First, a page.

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The Kitchen Cabinet

A New Look for the Trusty Old Toaster

March 21, 1985|MINNIE BERNARDINO | Times Staff Writer

Pity the old toaster . . . stuck in a corner, abused, smeared with finger marks all over . . . crumbs here and there. Remember when you first bought it and proudly displayed it in its shining glory? There's hardly any time for cleaning up when one is gulping down a quick breakfast and rushing for the day's chores. Aren't there times when you want to hide the bulk in the closet? But what will we do without this convenient appliance . . . not when breads, wheat toasts, bagels, croissants are so good. Of course, everyone likes them hot.

Toasters--pop-up ones or toaster ovens--have established a strong foothold on kitchen counters since they've replaced stove broilers for heating breads when speed and economy are considered. What's new? The French-made electronic toaster and the European toaster from Vivalp U.S.A.--so clean and sleek-looking that you may want to leave them out on the counter forever. Moving away from the shiny look of chrome, the company has introduced a trendy styling of white enamel with red trim in these lightweight toasters.

A Toaster That Also Cooks

When you look at the Vivalp electronic toaster with its canopy-like overhead, sans a glass door and with a barely visible heating element, you wonder whether the breads will ever brown, much less get warm. However, not only will this horizontal toaster toast but it will also cook, reheat and defrost to a limited degree. The heating element, which is in the back, sends heat throughout the inner reflective walls. Aside from this, evenness of heating is also achieved by electronic temperature control. The energy usage is minimal, accounted for by the single heating rod as opposed to four in some toasting units.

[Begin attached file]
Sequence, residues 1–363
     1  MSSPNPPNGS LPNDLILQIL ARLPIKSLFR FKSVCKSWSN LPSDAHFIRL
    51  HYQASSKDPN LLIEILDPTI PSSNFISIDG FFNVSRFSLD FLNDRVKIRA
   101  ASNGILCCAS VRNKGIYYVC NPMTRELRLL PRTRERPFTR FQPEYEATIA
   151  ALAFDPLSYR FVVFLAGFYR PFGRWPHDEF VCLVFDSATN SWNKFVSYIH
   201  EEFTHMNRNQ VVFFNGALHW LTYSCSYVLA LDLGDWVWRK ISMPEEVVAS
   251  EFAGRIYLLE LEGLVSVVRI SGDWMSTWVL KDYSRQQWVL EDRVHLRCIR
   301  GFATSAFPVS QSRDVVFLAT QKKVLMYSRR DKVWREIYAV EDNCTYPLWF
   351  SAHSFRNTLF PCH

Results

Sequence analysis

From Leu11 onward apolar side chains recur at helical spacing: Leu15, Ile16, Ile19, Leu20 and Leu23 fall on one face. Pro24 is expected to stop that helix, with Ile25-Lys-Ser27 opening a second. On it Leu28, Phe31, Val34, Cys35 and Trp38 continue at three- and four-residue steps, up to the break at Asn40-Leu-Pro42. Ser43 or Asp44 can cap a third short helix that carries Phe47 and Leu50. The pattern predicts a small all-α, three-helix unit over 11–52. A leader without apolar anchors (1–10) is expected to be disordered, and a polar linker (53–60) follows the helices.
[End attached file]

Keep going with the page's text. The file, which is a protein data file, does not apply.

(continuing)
One big advantage of having the heating element in the back instead of underneath the rack, is in cleanup. Now you have access to the black crusts that form from spills from grilled cheese sandwiches or pizzas. This type of element also avoids the smoky fumes caused by greasy leaks touching a red-hot rod. The rack in Vivalp's toaster lifts up so that one can easily wipe the bottom clean. (A damp sponge, with mild dishwashing detergent if necessary, is recommended.)

Comes With Recipe and Booklet

Time controls (dial one to six) range from 20 seconds to three minutes, and intensity controls are for warming and toasting. The unit comes with a small recipe and instruction booklet, including suggestions for timing various food items.

As with other gadgets, there are limitations to Vivalp's electronic toaster as we found out in our Test Kitchen. Since the rack is small and the overhead low, forget about enormous croissants, mega muffins and other tall breads because overbrowning will occur. Also, we miss the beep that tells you when heating is finished. According to Craig Adams, president of Vivalp U.S.A. in San Francisco, these two factors are being taken into consideration for future units.

For those who prefer on pop-up toasters, the Vivalp European toaster, also styled in white enamel with red trim, comes with a temperature setting to control the degree of brownness as well as a self-adjusting opening that allows breads with thicknesses up to 1 3/8 inches. The flexible wide opening is great for bagels, thick English muffins, French bread slices and smaller croissants and muffins.

The Vivalp electronic toaster has a suggested retail price of $59 and the European toaster, $45. The electronic toaster is available at Robinson's and Bullock's department stores, and the European toaster will be available within the coming months in both stores.

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